Whether he’s diagnosing the problem behind a malfunctioning desktop computer or maintaining the integrity of a decade’s worth of lab data, IT Analyst Ryan Aamot is a lifesaver for the Duke Neurology Department. For this week’s Spotlight interview, Aamot talks about his work helping to prevent and solve problems for Duke Neurology and other Departments within the School of Medicine. He also shares the joys and challenges of working with technology that is either cutting-edge, ancient, or a mixture of all three, and how he got into the field of information technology. Finally he talks about his experiences backpacking through South America and working as a certified nursing assistant just before the COVID-19 pandemic.
What are your current responsibilities in the Duke Neurology Department (and the rest of Duke)? What does a typical workday look like for you?
Although I am the designated support analyst for the Neurology department it is the responsibility and expectation of each analyst on my team to be capable of supporting each department under our umbrella within the Duke School of Medicine. A typical workday can range from answering questions in tickets and emails, remotely assisting users on and off Duke's campus with various computer and device issues, preparing new computers and peripheral hardware for incoming employees, and even working with labs on petabytes worth of research data lifecycle management, storage, and migration.
What were you doing before you came to this position? How does that work compare to what you’re doing now?
I worked as an IT Analyst with OASIS (then ACAD support) from 2017-2019. In 2019 my wife and I quit our jobs here in NC to backpack through South America, starting in Peru, making our way to Ushuaia (the southernmost city in Argentina) bouncing between Chile and Argentina then up and over to Brazil and the Amazon jungle.
After a little over 6 months of backpacking through four different countries, COVID-19 started closing borders so we were forced to return to the states. We moved to Portland, OR, where I got certified as a Certified Nurse's Assistant (CNA) and worked in a Skilled Nursing Facility for a year during the heart of the pandemic. A CNA's responsibilities are extremely different from the responsibilities I hold as an OASIS IT Analyst so they're difficult to compare. That said, both positions focus on taking care of the people I am responsible for and being certain that all things, at all times, function as smoothly as possible.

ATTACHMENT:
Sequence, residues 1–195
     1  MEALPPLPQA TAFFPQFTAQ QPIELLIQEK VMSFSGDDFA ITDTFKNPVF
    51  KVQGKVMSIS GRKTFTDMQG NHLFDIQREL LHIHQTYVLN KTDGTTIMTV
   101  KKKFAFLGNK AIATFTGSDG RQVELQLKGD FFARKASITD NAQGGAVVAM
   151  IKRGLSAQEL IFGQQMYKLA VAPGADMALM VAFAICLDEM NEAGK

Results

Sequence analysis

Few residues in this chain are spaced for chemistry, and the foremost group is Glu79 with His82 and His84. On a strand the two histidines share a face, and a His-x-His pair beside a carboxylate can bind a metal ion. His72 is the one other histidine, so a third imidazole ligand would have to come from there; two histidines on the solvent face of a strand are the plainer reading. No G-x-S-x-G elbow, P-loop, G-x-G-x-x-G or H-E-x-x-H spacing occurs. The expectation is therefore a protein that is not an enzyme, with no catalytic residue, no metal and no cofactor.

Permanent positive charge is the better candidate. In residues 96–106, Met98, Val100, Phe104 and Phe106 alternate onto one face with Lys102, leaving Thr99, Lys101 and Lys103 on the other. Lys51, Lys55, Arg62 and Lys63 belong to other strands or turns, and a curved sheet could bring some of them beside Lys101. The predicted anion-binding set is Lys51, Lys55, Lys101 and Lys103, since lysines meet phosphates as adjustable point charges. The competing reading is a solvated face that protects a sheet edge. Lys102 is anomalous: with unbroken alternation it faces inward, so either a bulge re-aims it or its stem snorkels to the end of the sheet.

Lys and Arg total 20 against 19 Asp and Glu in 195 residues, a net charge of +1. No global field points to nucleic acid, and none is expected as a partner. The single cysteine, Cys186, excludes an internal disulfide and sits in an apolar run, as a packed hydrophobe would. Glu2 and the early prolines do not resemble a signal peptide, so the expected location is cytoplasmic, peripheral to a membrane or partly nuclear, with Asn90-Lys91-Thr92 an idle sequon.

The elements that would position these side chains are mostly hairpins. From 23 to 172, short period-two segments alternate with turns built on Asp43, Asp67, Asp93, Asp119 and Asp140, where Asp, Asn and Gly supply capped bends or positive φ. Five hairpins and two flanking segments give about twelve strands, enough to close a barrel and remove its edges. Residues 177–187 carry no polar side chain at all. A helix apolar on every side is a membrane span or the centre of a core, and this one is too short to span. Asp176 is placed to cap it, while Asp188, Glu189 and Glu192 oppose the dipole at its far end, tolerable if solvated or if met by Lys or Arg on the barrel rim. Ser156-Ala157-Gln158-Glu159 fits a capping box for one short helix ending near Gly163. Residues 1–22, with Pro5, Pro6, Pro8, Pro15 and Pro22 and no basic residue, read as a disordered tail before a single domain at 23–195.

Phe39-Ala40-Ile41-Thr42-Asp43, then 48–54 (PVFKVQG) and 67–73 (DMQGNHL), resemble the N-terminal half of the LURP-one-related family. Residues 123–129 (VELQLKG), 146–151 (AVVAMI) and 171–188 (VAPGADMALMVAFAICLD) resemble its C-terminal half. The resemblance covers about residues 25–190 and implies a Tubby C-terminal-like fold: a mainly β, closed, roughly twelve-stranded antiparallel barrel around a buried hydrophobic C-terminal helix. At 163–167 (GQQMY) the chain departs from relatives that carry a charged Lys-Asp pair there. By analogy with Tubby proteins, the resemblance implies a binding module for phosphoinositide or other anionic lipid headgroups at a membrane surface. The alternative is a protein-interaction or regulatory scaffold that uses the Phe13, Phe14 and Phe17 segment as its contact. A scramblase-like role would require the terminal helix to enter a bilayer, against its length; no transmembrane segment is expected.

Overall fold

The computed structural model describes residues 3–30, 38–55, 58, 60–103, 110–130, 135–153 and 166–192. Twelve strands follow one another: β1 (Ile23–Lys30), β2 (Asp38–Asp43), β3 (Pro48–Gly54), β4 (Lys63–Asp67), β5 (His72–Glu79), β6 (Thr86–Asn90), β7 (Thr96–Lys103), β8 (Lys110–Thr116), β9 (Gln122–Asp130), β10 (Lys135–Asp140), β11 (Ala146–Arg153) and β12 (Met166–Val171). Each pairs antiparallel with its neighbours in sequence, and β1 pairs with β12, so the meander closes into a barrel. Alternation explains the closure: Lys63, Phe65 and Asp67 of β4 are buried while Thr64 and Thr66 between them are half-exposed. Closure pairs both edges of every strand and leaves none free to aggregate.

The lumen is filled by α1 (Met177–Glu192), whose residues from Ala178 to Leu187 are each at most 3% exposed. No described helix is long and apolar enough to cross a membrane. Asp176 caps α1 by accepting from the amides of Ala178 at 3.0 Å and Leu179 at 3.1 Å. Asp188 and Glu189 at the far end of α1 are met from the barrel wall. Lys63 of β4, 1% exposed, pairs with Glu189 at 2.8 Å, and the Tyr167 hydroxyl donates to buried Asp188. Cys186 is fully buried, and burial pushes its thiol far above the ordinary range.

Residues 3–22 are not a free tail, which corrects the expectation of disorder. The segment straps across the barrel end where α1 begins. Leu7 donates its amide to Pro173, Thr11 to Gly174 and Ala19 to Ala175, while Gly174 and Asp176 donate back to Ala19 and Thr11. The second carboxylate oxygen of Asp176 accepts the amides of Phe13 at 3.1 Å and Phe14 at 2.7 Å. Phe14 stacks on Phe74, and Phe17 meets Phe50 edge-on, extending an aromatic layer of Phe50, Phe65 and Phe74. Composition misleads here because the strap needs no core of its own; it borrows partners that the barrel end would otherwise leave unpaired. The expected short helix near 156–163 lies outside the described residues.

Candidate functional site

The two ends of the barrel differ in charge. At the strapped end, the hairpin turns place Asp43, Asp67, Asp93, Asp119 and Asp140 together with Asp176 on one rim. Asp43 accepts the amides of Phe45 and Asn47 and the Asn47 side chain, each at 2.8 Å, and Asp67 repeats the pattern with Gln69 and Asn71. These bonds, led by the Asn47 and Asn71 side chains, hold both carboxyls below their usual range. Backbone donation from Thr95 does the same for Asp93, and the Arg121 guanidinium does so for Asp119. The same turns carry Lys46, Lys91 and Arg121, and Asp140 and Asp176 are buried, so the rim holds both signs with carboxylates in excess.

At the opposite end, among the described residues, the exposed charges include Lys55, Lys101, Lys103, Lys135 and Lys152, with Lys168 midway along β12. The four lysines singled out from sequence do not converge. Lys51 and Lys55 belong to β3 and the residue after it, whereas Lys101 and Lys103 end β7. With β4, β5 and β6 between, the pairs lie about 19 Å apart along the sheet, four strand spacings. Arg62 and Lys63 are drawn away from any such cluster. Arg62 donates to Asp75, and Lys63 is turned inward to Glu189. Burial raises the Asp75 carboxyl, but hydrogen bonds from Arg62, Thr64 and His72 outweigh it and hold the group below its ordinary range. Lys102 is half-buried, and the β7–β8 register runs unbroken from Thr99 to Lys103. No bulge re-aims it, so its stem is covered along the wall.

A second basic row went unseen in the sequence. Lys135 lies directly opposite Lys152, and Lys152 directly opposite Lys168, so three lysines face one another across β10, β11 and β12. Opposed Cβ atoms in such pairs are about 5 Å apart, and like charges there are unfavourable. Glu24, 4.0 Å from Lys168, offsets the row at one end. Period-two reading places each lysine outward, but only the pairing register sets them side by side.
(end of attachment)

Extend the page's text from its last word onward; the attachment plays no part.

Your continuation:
We started in Peru, hiked 5 days through the Andes to Machu Picchu, then made our way down to Ushuaia (the southernmost city in Argentina) bouncing between Chile and Argentina then up and over to Brazil. We were literally getting off a 5-day long ferry ride up the Amazon River in the middle of the Amazon Jungle (near a village called Tabatinga) on our way to Ecuador (through Colombia) when borders started closing for COVID. It was amazing!
How did you decide to pursue information technology as a field?
I've always had an affinity for computers and consider myself lucky to have been introduced to technology at the age and time that I did. The first computer my family owned was easy to "break" and someone had to get it all working again, that someone almost always being me. The formal education and degree came much later but I worked as a "freelance" tech support guy well before it became my career.
What do you enjoy most about your work?
Technology is ever-changing but the perk of working with an academic institution and its researchers is that you're often working with extremely new, extremely old, or niche pieces of hardware and software that you may, or may not, have ever seen or heard of. There is always something to learn.
What’s the hardest part of your job?
I'd have to say the hardest part of my job is also why I like it so much. You have to stay up to date on new tech to be most effective at what you do, and what's being used today may not be around forever so having the ability to "see ahead" and plan your approach is key. The IT landscape is a constantly shifting one so you're always ingesting new and purging old information.
What future plans do you have for your career? If you could have any job in the world, what would it be?
My hope is to eventually work in a position that allows me to travel while I work. Networking, security, and cloud computing all offer some kind of remote work and look to be where IT is headed in the coming years.
What other passions or hobbies do you have outside of Duke?
Outside of Duke I am a pyrographer, novice woodworker, artist, dancer, traveler, gamer, and outdoorsman. I enjoy camping, kayaking, hiking, seeing and visiting new places, drawing, swing dancing, and making things with my hands.